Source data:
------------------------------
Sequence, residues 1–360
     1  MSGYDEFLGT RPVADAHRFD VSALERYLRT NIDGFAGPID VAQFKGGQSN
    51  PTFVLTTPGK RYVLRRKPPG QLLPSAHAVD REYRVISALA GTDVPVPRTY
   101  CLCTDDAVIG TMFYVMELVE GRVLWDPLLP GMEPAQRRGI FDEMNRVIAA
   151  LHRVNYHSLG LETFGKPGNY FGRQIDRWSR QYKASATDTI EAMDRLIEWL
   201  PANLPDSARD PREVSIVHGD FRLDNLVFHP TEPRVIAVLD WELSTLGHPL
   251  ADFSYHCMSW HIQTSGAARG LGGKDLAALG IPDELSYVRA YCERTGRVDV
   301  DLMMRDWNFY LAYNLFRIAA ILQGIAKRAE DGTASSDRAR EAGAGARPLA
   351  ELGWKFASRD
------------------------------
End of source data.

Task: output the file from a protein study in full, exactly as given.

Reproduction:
Sequence, residues 1–360
     1  MSGYDEFLGT RPVADAHRFD VSALERYLRT NIDGFAGPID VAQFKGGQSN
    51  PTFVLTTPGK RYVLRRKPPG QLLPSAHAVD REYRVISALA GTDVPVPRTY
   101  CLCTDDAVIG TMFYVMELVE GRVLWDPLLP GMEPAQRRGI FDEMNRVIAA
   151  LHRVNYHSLG LETFGKPGNY FGRQIDRWSR QYKASATDTI EAMDRLIEWL
   201  PANLPDSARD PREVSIVHGD FRLDNLVFHP TEPRVIAVLD WELSTLGHPL
   251  ADFSYHCMSW HIQTSGAARG LGGKDLAALG IPDELSYVRA YCERTGRVDV
   301  DLMMRDWNFY LAYNLFRIAA ILQGIAKRAE DGTASSDRAR EAGAGARPLA
   351  ELGWKFASRD